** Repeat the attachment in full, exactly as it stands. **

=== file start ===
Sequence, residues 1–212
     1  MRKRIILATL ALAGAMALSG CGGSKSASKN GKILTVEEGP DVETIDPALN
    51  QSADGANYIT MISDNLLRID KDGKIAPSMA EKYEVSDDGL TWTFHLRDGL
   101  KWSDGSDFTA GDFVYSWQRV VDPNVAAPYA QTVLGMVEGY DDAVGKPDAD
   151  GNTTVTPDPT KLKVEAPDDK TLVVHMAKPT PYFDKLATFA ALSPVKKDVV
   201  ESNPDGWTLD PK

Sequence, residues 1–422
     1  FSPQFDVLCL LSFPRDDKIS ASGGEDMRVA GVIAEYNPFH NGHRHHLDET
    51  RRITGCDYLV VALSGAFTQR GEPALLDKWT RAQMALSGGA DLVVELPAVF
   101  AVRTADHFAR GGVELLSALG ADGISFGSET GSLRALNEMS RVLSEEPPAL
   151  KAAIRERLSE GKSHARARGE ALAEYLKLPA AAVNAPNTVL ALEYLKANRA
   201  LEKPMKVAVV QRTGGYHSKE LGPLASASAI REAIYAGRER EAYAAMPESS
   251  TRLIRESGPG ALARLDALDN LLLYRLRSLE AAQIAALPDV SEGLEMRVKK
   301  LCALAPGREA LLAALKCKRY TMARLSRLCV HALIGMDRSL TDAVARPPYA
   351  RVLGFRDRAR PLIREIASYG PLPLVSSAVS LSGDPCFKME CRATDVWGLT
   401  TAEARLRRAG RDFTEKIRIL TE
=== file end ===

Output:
Sequence, residues 1–212
     1  MRKRIILATL ALAGAMALSG CGGSKSASKN GKILTVEEGP DVETIDPALN
    51  QSADGANYIT MISDNLLRID KDGKIAPSMA EKYEVSDDGL TWTFHLRDGL
   101  KWSDGSDFTA GDFVYSWQRV VDPNVAAPYA QTVLGMVEGY DDAVGKPDAD
   151  GNTTVTPDPT KLKVEAPDDK TLVVHMAKPT PYFDKLATFA ALSPVKKDVV
   201  ESNPDGWTLD PK

Sequence, residues 1–422
     1  FSPQFDVLCL LSFPRDDKIS ASGGEDMRVA GVIAEYNPFH NGHRHHLDET
    51  RRITGCDYLV VALSGAFTQR GEPALLDKWT RAQMALSGGA DLVVELPAVF
   101  AVRTADHFAR GGVELLSALG ADGISFGSET GSLRALNEMS RVLSEEPPAL
   151  KAAIRERLSE GKSHARARGE ALAEYLKLPA AAVNAPNTVL ALEYLKANRA
   201  LEKPMKVAVV QRTGGYHSKE LGPLASASAI REAIYAGRER EAYAAMPESS
   251  TRLIRESGPG ALARLDALDN LLLYRLRSLE AAQIAALPDV SEGLEMRVKK
   301  LCALAPGREA LLAALKCKRY TMARLSRLCV HALIGMDRSL TDAVARPPYA
   351  RVLGFRDRAR PLIREIASYG PLPLVSSAVS LSGDPCFKME CRATDVWGLT
   401  TAEARLRRAG RDFTEKIRIL TE